While grocery shopping with my three kids, we were stopped by a lady. She began to gush over my children, and how she thought my kids were, “Some of those kids, you know? The ones where they have eight, the twins and and then six more?”
(For the record, I look nothing like Kate.)
I was taken aback as I quietly considered my children’s resemblance to the Gosselin kids. As it turns out, I didn’t need to respond because the lady continued chattering on how my daughter Cupcake especially looked liked one of the Gosselins.
The lady paused, and I knew it was coming. I waited, and she did not disappoint. She abruptly blurted out, “What are they, exactly? Your kids, I mean?”
At this point, I murmured that my children are half-Korean and half-Caucasian. Then the kids and I moved on to continue our shopping.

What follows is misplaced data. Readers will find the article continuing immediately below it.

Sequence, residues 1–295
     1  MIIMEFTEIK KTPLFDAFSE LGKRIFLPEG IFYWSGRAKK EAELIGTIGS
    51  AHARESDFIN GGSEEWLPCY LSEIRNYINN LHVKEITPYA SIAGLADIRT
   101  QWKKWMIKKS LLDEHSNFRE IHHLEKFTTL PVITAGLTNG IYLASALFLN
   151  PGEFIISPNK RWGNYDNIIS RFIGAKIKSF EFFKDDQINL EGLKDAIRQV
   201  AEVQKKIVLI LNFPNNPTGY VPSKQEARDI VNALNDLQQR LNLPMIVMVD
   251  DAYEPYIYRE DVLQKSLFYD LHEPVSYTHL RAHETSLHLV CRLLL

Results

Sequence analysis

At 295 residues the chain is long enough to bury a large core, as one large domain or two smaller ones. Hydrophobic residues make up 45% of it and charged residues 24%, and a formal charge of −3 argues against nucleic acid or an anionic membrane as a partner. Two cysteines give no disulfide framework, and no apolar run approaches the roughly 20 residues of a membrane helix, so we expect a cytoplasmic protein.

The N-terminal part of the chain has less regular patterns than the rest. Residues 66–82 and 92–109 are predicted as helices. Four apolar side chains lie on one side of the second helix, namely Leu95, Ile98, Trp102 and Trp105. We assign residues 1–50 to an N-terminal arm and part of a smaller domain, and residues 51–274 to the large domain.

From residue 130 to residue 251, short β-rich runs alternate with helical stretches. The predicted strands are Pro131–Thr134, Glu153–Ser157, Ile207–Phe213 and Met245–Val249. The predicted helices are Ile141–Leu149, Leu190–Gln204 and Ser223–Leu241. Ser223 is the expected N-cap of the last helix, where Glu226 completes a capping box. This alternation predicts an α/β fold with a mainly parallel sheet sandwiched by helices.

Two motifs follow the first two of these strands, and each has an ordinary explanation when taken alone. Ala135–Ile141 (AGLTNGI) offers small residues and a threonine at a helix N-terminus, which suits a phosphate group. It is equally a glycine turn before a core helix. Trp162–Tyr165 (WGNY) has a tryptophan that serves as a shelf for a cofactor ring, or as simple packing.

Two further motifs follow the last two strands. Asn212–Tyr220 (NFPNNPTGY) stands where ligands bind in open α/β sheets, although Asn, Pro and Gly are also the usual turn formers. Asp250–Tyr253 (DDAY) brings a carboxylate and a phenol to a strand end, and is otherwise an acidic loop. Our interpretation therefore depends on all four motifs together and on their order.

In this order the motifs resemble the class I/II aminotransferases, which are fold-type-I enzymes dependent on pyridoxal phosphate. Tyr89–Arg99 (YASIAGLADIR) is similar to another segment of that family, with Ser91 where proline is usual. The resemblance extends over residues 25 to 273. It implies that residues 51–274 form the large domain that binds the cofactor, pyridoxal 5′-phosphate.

“What are they?”
This is a question I get asked often, more so when my kids were small babies. I have always answered honestly, as I did that day. However, I also always wonder: why do you want to know? I do not go around asking others, “What are you?” Most of the time, I remain unaware of a person’s heritage. As a matter of fact, I have to ask The Husband what he is since I generally refer to him as Midwestern white-bread American!
I understand there might be some fascination because my kids look exotic, but really? Is it acceptable to just ask people what they are? I prefer not to be cagey and give flip responses such as, “They are American,” or “They are people,” although I would like to sometimes!
I wish I could find an answer to that question which politely lets the questioner know that I am uncomfortable with being asked.